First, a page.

The Biden Administration will prioritize going after criminals that have allegedly stolen billions in COVID relief funds that were meant for both small businesses and individual Americans in COVID-era programs like the Paycheck Protection Program and Unemployment Insurance program, Biden said during the State of the Union address on Tuesday night.
“In my administration, the watchdogs have been welcomed back,” Biden said. “We’re going after the criminals who stole billions in relief money meant for small businesses and millions of Americans.”
Biden also announced that he will be naming a chief prosecutor to the Justice Department to uncover pandemic-era fraud such as “those committing large-scale identity theft, including foreign-based actors,” a White House press statement said.
The Justice Department will now have “heightened resources” to “enact enhanced penalties” to those that fraudulently stole Paycheck Protection Program loans and unemployment insurance benefits. According to the White House, the FTC reported a 3,000% increase in reports of identity theft for public benefits in 2019 and 2020. The Justice Department concurrently announced the arrest of the CEO of PPP loan lender MBE Capital for fraudulently issuing loans as a non-bank lender, securing $70 million in lender fees.
Besides addressing pandemic relief fraud, here are the other business-related issues the President addressed in his State of the Union speech:
More union protections
In a brief mention during the speech, Biden asked Congress to “pass the PRO Act. When a majority of workers want to form a union—they shouldn’t be stopped.” The Protecting the Right to Organize Act would introduce penalties to corporations that “violate workers’ rights,” expand bargaining rights and close loopholes that companies have used in the past to get around union laws, as well as “strengthen workers’ access to fair union elections.”
This is an especially timely issue as multiple companies, particularly Starbucks, have been in the news for clashing with workers before, during and after unionization elections. Starbucks union SBWorkers United claims that its parent company is engaging in “union-busting activities” such as requesting to delay elections or temporarily closing affected stores, though thus far, there has been no penalty against the company for these actions. Corporations would be held to more scrutiny if the PRO Act were to pass.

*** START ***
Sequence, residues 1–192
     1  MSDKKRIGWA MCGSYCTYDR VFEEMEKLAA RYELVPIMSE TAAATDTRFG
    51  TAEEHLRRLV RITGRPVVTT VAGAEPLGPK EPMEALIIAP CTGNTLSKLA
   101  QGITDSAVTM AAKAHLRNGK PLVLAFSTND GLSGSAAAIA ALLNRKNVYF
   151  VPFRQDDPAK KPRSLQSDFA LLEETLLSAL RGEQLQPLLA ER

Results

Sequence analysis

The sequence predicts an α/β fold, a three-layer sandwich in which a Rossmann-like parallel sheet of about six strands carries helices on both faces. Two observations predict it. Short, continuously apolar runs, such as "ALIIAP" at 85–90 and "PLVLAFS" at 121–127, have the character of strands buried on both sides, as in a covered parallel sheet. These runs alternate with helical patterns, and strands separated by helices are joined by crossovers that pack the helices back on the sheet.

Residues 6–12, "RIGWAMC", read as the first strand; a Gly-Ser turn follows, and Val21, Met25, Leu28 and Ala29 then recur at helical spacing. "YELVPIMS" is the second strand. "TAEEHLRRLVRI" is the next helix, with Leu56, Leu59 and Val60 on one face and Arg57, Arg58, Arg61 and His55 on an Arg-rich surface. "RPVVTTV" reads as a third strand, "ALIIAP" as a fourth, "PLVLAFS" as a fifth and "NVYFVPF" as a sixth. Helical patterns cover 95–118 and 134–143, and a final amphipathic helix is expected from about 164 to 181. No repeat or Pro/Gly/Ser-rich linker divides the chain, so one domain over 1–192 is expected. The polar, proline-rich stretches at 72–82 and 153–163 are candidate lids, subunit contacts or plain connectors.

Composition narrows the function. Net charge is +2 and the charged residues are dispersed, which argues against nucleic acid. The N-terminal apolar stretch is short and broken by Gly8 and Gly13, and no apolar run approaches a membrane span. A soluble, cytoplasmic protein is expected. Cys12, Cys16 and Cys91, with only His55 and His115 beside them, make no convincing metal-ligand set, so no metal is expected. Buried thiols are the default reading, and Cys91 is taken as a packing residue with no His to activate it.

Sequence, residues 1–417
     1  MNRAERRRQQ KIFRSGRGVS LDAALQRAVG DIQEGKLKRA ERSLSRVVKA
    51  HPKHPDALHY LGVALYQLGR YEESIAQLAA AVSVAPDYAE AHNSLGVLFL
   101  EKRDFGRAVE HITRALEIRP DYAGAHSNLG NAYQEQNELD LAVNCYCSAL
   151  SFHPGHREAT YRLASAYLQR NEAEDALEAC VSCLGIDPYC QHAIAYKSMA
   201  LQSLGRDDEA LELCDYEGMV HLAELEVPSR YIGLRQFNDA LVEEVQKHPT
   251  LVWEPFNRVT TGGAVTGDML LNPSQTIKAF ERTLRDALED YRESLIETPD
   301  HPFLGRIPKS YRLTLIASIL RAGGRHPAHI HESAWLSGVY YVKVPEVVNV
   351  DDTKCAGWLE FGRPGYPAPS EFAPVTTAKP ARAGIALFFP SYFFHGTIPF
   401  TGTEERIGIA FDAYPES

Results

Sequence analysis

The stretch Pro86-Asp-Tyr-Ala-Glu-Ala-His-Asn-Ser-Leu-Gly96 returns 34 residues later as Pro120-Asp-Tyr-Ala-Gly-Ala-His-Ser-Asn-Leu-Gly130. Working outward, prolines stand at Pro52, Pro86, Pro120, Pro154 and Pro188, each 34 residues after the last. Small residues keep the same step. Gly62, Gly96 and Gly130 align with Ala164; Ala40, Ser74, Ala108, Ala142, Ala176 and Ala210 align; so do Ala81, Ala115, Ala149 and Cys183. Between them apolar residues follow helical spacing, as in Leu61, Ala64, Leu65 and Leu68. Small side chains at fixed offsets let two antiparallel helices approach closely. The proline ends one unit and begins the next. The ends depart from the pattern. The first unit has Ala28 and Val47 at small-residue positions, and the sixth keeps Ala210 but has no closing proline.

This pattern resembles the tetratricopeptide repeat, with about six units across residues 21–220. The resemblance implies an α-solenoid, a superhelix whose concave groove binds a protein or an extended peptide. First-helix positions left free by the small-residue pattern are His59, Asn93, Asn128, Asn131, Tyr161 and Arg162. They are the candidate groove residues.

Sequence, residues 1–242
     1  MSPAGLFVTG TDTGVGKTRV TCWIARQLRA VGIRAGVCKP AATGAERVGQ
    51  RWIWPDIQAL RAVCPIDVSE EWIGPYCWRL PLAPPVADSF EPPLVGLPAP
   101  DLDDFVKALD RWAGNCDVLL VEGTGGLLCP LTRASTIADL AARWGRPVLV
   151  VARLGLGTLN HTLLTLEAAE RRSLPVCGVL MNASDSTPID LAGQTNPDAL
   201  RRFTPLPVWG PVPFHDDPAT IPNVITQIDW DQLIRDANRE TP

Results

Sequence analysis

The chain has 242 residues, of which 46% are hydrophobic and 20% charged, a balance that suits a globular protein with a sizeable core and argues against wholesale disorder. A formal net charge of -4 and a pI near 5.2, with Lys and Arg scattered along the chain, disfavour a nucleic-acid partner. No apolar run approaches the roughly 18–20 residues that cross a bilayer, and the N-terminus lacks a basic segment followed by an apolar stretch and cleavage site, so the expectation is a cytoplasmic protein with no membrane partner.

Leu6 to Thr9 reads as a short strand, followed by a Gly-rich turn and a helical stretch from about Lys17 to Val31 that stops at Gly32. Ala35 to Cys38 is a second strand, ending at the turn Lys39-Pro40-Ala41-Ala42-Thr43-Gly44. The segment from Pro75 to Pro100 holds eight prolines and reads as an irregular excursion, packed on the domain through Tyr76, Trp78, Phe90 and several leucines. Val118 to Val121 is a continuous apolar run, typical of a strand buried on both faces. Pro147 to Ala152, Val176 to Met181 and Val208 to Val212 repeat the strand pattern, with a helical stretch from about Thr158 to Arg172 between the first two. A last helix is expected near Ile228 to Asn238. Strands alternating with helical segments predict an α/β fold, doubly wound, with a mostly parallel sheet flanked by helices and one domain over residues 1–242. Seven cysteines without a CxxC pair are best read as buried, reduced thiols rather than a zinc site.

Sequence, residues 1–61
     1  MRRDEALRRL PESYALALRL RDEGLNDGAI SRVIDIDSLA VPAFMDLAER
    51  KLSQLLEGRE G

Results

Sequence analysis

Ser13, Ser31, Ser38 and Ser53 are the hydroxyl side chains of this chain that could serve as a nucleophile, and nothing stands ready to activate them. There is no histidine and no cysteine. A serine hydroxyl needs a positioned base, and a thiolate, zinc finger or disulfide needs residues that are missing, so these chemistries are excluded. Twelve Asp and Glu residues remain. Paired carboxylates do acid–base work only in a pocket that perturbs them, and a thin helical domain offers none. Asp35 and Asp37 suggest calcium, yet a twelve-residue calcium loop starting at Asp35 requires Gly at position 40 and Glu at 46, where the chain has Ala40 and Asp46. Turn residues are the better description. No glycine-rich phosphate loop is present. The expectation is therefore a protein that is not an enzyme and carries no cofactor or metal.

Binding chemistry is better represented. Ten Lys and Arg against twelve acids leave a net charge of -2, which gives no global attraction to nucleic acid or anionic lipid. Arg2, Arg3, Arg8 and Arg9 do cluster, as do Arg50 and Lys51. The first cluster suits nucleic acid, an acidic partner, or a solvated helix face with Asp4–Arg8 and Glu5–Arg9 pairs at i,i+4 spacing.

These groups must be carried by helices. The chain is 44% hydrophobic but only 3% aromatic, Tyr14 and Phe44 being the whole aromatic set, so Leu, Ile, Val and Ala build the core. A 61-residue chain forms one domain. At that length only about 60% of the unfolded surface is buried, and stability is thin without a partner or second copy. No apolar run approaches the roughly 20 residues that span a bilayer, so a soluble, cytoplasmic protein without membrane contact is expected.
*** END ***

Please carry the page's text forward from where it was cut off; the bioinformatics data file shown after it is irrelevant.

Corporations should lower costs, not wages
Although the $15 minimum wage is no longer being mentioned as a key goal for the Biden Administration after a defeat in Congress last year, Biden did ask corporations to look toward other strategies for lowering costs instead of pushing down wages. Biden suggested relying on American supply chains instead of buying foreign goods as a start.
“Tonight, I’m announcing a crackdown on these companies overcharging American businesses and consumers,” he said.
Corporations should pay a 15% minimum tax rate
Biden also suggested that while he is “not punishing” corporations, he wants them to pay their fair share and not easily get out of taxes (or hiring American workers in need) by shipping work overseas.
“That’s why I’ve proposed a 15% minimum tax rate for corporations,” he said. “We got more than 130 countries to agree on a global minimum tax rate so companies can’t get out of paying their taxes at home by shipping jobs and factories overseas.”
Inflation will be addressed
While the State of the Union did not specifically address solutions for rampant inflation, the President did promise to make it a primary focus, saying his “top priority is getting prices under control.”
Restaurant relief still up in the air
During the State of the Union, however, President Biden did not address further relief for small businesses, specifically restaurants, as the fight for another round of restaurant relief continues. The Independent Restaurant Coalition spearheaded an effort to get 10,700 signatures of restaurant operators to send to President Biden’s desk on Tuesday in order to put the wheels of relief in motion:
“The state of the union is not strong when neighborhood restaurants and bars are ready to close permanently,” Erika Polmar, executive director of the IRC said in a statement.
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